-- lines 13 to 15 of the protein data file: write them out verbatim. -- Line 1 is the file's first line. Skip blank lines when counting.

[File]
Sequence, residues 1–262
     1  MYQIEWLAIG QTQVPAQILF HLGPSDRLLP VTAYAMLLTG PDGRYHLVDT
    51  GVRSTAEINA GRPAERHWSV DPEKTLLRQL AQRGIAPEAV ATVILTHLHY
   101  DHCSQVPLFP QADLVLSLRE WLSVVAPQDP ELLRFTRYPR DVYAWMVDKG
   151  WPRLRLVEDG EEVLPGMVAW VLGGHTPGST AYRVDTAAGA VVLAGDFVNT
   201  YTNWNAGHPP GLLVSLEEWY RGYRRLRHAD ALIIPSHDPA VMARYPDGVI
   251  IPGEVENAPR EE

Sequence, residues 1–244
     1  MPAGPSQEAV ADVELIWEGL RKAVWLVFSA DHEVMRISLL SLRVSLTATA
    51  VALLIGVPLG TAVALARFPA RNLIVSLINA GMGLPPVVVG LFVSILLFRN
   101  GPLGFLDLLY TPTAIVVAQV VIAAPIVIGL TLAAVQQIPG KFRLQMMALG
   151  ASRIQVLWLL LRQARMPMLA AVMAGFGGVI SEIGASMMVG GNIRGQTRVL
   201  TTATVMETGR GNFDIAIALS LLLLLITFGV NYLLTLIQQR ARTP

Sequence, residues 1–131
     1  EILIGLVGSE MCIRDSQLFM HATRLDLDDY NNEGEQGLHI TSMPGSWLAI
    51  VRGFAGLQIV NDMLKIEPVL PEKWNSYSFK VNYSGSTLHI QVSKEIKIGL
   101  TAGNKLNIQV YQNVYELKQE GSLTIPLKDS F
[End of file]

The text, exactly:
   201  TTATVMETGR GNFDIAIALS LLLLLITFGV NYLLTLIQQR ARTP

Sequence, residues 1–131
     1  EILIGLVGSE MCIRDSQLFM HATRLDLDDY NNEGEQGLHI TSMPGSWLAI